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Five Ways to Keep your Cool in an Argument

On April 17th, 2019

Posted In:
blog | Connection

You can walk into a conversation with the most loving intentions but when the other person pushes your buttons, it’s all too easy to fall into an unhealthy trap.

Having an auto-response (even just to repeat in your head) can be incredibly helpful for staying on the high-energy road, even when the other person’s response threatens to drag you down. Here are some common tricky situations and what to do to keep yourself centered.

They try to engage you in a fight.
People prefer what they know, especially when they are triggered. If communication between the two of you has historically ended in a fight, the other person may want to pull you both back into that familiar scenario. Also, energy likes company. If they feel miserable, they will want you to drop down into that misery energy with them.

Breaking patterns is one of the toughest things to do in a relationship, especially one that has a long history. If the other person isn’t on board, you carry the bigger burden. But even if they never join you in your intention, you can break your own pattern by not engaging.

RESPONSE: I love us too much to fight.

They shut down and disconnect.
Everyone handles situations differently depending on their fear response. Some people fight. Some people flee. When the other person withdraws, it’s likely they are wrapped up in their own emotional reaction. Unfortunately at that point, they may not be able to hear what you are trying to communicate. Also, feedback can be really threatening for people who are easily triggered when they think they’ve done something “wrong.” System shut down is a common response to feelings of unworthiness.

The purpose of communication needs to be for connection and not to point out wrongness. As long as that remains the focus, there is less likelihood of triggering the other person.

RESPONSE: I am expressing myself, because I want to stay connected.

They keep dragging up the past.
Some people feel like the best defense is a good offense. If there isn’t anything to grab onto in the moment to use as an attack, they might bring up something old that they think you did wrong. It’s just a deflection technique.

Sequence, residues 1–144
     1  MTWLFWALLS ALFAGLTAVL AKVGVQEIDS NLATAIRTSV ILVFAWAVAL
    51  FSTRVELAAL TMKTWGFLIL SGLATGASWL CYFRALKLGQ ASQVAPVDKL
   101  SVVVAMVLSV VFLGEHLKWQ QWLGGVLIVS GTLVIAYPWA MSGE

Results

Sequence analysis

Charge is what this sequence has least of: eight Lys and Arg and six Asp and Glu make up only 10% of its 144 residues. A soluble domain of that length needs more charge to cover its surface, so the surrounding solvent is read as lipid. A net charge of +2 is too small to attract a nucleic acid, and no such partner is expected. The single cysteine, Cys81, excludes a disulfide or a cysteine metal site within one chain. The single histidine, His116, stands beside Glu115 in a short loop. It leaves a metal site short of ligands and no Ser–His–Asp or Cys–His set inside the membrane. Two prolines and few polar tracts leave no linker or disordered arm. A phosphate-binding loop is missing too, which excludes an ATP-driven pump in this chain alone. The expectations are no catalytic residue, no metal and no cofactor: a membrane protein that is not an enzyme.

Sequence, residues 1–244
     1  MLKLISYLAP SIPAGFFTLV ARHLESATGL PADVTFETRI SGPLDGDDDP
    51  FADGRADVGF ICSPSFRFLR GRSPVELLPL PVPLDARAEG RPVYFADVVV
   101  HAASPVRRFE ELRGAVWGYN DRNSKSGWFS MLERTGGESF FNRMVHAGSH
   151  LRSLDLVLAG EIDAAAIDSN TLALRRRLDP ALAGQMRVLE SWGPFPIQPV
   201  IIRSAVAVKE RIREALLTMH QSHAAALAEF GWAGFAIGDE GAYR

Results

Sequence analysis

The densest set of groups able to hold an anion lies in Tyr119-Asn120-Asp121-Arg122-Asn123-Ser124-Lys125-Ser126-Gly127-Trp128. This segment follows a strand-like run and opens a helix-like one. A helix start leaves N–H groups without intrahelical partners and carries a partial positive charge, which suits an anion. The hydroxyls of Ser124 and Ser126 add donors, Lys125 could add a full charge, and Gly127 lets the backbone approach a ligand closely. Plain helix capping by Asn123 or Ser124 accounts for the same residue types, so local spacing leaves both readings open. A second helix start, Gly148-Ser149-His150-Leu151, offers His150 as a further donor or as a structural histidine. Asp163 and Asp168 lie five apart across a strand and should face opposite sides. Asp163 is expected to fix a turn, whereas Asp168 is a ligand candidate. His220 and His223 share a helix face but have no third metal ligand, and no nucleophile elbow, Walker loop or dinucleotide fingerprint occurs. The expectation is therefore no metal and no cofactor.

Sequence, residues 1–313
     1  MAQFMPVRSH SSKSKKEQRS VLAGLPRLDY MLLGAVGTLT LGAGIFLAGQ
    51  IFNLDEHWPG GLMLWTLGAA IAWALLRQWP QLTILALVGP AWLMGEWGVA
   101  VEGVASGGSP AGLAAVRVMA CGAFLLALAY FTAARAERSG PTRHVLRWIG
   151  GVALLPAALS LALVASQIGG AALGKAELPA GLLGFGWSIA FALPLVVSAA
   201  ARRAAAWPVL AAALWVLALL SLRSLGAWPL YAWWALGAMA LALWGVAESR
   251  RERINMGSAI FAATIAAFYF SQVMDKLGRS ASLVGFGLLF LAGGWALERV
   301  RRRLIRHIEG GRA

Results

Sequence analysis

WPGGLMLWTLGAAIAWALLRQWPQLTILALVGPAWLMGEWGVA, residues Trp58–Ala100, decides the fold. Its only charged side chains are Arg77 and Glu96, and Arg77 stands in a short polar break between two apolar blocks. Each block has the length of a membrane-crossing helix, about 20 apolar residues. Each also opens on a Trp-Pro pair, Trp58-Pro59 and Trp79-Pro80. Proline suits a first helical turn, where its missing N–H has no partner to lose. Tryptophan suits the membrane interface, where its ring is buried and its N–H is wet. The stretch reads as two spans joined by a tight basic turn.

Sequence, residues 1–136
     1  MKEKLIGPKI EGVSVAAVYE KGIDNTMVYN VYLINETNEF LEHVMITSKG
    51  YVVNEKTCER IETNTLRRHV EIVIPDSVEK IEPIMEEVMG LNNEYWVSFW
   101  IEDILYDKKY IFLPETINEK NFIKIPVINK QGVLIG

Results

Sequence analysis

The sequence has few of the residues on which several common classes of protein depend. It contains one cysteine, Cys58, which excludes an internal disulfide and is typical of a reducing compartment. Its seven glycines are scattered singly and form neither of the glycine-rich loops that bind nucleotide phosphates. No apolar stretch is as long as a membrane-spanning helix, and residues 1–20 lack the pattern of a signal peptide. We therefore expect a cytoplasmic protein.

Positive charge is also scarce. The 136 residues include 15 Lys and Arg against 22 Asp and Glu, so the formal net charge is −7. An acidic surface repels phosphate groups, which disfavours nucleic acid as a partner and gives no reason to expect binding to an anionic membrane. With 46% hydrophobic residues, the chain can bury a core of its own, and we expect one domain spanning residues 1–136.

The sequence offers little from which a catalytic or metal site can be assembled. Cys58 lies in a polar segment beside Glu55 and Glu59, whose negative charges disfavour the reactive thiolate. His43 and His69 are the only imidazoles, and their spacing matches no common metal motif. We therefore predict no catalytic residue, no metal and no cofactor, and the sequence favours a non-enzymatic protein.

It could also mean there are unresolved events still causing pain in the present. That’s worth a mindful look at some point. Clearing it up by forgiving and learning from it may put it to rest. However, this moment is for this conversation and it’s important to maintain focus on that rather than get confused and distracted.

RESPONSE: I’m focused on only this right now.

The calmer you are, the more out of control they become.
Sometimes people mistake a calm demeanor as a dismissive one or as quiet judgement, and people do interesting things when they feel ignored. They may double their efforts to be heard by screaming, swearing, and spinning out of control. The more non-reactive you are, the more judged they feel and the more self-judgement they engage in. It’s all just what’s going on in their own mind though.

In order to remain connected, you have to stay and allow. Abandoned is the last thing somebody who has lost it wants to feel in their “crazy” moment. That feels like the ultimate judgement.

RESPONSE: I am loving and will not turn away.

They reject your apology.
The other person may either outright refuse to accept it or energetically reject it by remaining disconnected. People reject apologies for a number of reasons…they don’t believe them, they don’t trust that things will change, they want to punish the other person, etc… As long as the apology is sincere and done properly (without justifications/rationalizations/qualifiers/blame) with an honest intention to change behavior, the other person’s response is their business.

When we’ve hurt someone else, we’ve hurt ourselves in the process because it’s painful to cause someone else’s suffering. By apologizing, we are owning our responsibility and attempting to reconnect. It’s very important that we forgive ourselves in the process, also. That way, we can still release ourselves from an experience even when the other person wants to tether us to it.

RESPONSE: I can forgive myself and move on.

We aren’t always on the same page as our partner, but that doesn’t mean we can’t bring our best selves to the tough conversations. Having helpful little tools like auto-responses are a way for us to keep growing, keep loving, and stay connected to ourselves and our loved ones.

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One response to “Five Ways to Keep your Cool in an Argument”

  1. Alita says:

    this is excellent

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